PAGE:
We Told You So

We have long believed that it is almost certainly true that Iraq tried to buy uranium from Niger. We explained why here. Briefly, Iraq sent one of its biggest advocates of nuclear weaponry on a trade mission to Niger. Niger exports virtually nothing except uranium; its second biggest export is animal hides. But the ridiculous Joseph Wilson and his wife Valerie Plame have obscured what seems to be a rather obvious inference, and the Bush administration, beating a retreat as usual, has apologized for referring to the African connection in Bush’s 2003 State of the Union speech.
Now the Financial Times is resurrecting the story, pointing out that that the famous forged documents are more or less irrelevant, and there has been solid intellligence, for several years, supporting the theory that Niger conspired to export uranium to Iraq and other rogue states:

The FT has now learnt that three European intelligence services were aware of possible illicit trade in uranium from Niger between 1999 and 2001. Human intelligence gathered in Italy and Africa more than three years before the Iraq war had shown Niger officials referring to possible illicit uranium deals with at least five countries, including Iraq.
This intelligence provided clues about plans by Libya and Iran to develop their undeclared nuclear programmes. Niger officials were also discussing sales to North Korea and China of uranium ore or the “yellow cake” refined from it: the raw materials that can be progressively enriched to make nuclear bombs.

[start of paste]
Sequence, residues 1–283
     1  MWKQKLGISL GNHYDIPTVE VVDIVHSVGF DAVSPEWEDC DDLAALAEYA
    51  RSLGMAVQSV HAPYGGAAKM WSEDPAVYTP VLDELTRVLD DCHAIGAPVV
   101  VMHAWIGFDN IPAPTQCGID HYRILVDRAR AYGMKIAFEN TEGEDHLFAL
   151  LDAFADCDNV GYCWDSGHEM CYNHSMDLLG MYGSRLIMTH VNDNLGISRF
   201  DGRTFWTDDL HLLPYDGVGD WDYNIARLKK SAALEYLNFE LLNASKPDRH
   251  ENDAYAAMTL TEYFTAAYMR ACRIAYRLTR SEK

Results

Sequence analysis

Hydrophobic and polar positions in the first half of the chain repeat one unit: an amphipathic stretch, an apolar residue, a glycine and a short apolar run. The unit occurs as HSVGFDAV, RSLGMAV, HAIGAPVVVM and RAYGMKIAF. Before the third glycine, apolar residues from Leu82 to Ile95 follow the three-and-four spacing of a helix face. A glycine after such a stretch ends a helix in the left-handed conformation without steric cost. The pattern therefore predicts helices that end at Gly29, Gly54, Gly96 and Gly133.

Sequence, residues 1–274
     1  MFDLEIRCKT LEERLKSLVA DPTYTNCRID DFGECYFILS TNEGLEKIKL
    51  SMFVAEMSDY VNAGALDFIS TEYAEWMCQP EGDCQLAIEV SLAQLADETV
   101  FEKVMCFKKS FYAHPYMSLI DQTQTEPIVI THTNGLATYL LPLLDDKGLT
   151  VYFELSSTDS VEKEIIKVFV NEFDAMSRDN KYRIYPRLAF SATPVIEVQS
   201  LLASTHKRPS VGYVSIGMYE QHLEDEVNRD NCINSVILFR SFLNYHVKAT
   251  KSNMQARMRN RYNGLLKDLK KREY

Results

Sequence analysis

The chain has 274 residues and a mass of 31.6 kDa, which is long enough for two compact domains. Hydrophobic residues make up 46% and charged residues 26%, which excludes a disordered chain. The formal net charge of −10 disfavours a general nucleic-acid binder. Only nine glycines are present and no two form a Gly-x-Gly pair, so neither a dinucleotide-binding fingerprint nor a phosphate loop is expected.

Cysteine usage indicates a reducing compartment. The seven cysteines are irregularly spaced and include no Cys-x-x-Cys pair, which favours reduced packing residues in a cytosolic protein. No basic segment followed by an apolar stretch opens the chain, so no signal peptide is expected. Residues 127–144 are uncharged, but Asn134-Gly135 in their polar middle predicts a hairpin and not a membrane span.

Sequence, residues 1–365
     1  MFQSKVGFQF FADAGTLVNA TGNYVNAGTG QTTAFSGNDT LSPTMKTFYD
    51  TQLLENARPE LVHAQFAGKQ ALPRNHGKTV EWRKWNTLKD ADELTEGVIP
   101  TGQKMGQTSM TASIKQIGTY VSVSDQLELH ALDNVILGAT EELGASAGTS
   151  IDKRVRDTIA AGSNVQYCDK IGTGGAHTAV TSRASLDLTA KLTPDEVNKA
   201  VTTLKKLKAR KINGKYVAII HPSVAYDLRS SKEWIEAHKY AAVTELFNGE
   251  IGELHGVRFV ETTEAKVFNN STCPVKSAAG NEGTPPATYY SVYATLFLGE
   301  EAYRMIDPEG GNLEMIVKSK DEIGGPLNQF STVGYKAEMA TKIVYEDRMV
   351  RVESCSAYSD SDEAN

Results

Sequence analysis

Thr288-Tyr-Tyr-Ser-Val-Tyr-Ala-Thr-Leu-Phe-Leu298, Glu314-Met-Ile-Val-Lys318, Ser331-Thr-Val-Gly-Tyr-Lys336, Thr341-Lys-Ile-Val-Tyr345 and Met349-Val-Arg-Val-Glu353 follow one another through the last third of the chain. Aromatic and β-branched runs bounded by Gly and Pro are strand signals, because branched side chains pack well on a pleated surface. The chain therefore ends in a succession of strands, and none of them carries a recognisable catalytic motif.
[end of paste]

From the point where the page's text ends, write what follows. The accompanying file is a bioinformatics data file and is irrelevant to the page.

The raw intelligence on the negotiations included indications that Libya was investing in Niger’s uranium industry to prop it up at a time when demand had fallen, and that sales to Iraq were just a part of the clandestine export plan. These secret exports would allow countries with undeclared nuclear programmes to build up uranium stockpiles.

The Bush administration has known this all along. So why did it withdraw the Niger claim, rather than defending it? Who knows. It’s too late now, in any event. If the administration thinks it can pull this chestnut out of the fire at this late date, it is mistaken. What Bush said was true, but the facts ceased being important long ago.

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